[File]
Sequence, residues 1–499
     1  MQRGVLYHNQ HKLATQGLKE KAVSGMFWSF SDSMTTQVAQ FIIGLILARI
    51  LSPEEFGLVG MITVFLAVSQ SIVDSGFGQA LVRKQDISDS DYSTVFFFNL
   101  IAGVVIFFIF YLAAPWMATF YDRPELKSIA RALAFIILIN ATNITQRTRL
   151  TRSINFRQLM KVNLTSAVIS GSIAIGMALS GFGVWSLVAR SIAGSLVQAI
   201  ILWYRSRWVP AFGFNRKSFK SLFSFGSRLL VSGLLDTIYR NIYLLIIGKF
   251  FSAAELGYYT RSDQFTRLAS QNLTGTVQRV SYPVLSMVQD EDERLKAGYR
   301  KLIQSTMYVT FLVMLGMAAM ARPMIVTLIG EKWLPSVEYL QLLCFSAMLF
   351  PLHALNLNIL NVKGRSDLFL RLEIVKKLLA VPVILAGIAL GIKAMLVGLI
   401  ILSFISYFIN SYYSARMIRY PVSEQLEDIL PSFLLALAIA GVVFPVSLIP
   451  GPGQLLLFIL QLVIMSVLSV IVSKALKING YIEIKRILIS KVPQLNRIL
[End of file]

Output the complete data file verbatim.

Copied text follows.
Sequence, residues 1–499
     1  MQRGVLYHNQ HKLATQGLKE KAVSGMFWSF SDSMTTQVAQ FIIGLILARI
    51  LSPEEFGLVG MITVFLAVSQ SIVDSGFGQA LVRKQDISDS DYSTVFFFNL
   101  IAGVVIFFIF YLAAPWMATF YDRPELKSIA RALAFIILIN ATNITQRTRL
   151  TRSINFRQLM KVNLTSAVIS GSIAIGMALS GFGVWSLVAR SIAGSLVQAI
   201  ILWYRSRWVP AFGFNRKSFK SLFSFGSRLL VSGLLDTIYR NIYLLIIGKF
   251  FSAAELGYYT RSDQFTRLAS QNLTGTVQRV SYPVLSMVQD EDERLKAGYR
   301  KLIQSTMYVT FLVMLGMAAM ARPMIVTLIG EKWLPSVEYL QLLCFSAMLF
   351  PLHALNLNIL NVKGRSDLFL RLEIVKKLLA VPVILAGIAL GIKAMLVGLI
   401  ILSFISYFIN SYYSARMIRY PVSEQLEDIL PSFLLALAIA GVVFPVSLIP
   451  GPGQLLLFIL QLVIMSVLSV IVSKALKING YIEIKRILIS KVPQLNRIL